New research suggests that marijuana users may be more likely than nonusers to misuse prescription opioids and develop prescription opioid use disorder.
The study was conducted by researchers at the National Institute on Drug Abuse (NIDA), part of the National Institutes of Health, and Columbia University.
The investigators analyzed data from the National Epidemiologic Survey on Alcohol and Related Conditions, which interviewed more than 43,000 American adults in 2001-2002, and followed up with more than 34,000 of them in 2004-2005.
The analysis indicated that respondents who reported past-year marijuana use in their initial interview had 2.2 times higher odds than nonusers of meeting DSM-IV diagnostic criteria for prescription opioid use disorder by the follow-up. They also had 2.6 times greater odds of initiating prescription opioid misuse, defined as using a drug without a prescription, in higher doses, for longer periods, or for other reasons than prescribed.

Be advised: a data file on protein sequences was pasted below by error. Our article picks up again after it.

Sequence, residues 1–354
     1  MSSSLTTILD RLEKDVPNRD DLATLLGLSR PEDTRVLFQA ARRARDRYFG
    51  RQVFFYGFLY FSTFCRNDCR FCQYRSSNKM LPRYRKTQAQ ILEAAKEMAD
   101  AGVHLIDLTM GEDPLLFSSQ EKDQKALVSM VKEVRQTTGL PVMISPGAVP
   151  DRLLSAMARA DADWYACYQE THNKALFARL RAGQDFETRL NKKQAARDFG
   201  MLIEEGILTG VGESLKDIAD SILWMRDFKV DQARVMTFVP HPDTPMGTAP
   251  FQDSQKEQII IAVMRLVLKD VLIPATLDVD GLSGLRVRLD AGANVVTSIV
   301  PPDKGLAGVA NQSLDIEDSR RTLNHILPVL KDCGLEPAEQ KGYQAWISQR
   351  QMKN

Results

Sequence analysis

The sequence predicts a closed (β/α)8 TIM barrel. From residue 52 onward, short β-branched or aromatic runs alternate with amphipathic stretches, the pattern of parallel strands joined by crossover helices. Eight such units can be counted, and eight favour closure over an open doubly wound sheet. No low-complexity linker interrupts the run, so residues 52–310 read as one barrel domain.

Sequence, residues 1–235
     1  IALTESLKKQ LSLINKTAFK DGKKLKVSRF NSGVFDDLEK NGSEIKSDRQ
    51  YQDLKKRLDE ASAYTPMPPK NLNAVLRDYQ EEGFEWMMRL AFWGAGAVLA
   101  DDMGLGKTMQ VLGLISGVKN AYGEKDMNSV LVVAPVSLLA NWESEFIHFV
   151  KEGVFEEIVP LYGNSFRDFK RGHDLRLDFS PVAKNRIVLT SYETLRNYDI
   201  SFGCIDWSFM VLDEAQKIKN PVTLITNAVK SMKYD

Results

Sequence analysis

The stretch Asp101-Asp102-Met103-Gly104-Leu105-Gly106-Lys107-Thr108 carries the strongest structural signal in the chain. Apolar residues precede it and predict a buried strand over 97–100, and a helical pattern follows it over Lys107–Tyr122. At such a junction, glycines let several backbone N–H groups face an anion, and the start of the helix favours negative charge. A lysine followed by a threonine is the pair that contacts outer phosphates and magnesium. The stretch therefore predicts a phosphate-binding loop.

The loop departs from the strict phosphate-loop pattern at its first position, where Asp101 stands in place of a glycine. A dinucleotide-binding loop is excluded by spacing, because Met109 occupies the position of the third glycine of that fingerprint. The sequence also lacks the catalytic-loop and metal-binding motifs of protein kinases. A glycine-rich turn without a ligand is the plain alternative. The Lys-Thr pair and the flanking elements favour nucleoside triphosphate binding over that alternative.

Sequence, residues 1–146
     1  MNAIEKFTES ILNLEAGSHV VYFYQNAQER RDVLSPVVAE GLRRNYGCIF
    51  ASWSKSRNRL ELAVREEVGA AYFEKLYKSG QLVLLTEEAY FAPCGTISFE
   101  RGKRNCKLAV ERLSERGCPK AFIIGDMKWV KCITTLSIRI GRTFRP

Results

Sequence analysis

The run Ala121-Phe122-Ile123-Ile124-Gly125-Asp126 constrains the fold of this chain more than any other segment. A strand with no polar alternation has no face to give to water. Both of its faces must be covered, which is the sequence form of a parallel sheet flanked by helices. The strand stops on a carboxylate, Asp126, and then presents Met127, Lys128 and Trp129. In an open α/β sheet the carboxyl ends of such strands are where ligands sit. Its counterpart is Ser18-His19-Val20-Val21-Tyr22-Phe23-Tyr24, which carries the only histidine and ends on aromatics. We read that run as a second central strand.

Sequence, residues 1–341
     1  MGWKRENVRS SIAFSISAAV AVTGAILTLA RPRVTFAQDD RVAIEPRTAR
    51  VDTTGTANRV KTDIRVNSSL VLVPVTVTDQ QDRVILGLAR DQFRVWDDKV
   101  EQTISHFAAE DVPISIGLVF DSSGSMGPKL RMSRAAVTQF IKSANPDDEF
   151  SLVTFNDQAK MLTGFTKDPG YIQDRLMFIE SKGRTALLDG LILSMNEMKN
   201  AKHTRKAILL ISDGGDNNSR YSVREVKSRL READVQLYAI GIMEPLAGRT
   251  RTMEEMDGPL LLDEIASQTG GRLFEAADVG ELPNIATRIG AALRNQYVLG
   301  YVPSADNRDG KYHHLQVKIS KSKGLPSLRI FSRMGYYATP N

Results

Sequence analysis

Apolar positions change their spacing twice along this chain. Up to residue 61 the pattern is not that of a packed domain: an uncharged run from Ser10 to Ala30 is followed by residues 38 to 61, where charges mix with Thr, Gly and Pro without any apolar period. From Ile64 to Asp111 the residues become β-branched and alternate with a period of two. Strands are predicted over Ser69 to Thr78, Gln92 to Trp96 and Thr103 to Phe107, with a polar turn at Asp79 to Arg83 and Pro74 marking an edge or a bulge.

A number of recent papers suggest that marijuana may reduce prescription opioid addiction and overdoses by providing an alternate or complementary pain relief option. That suggestion is partly based on comparisons of aggregate data from states that legalized marijuana for medical use vs. those that didn’t. In contrast, the current study focuses on individual marijuana users vs. nonusers and their trajectories with regard to opioid misuse and disorders. These findings are in-line with previous research demonstrating that people who use marijuana are more likely than non-users to use other drugs and develop problems with drug use.
For a copy of the paper, go to – "Cannabis Use and Risk of Prescription Opioid Use Disorder in the United States" – published in the American Journal of Psychiatry.
Source: National Institute on Drug Abuse (NIDA)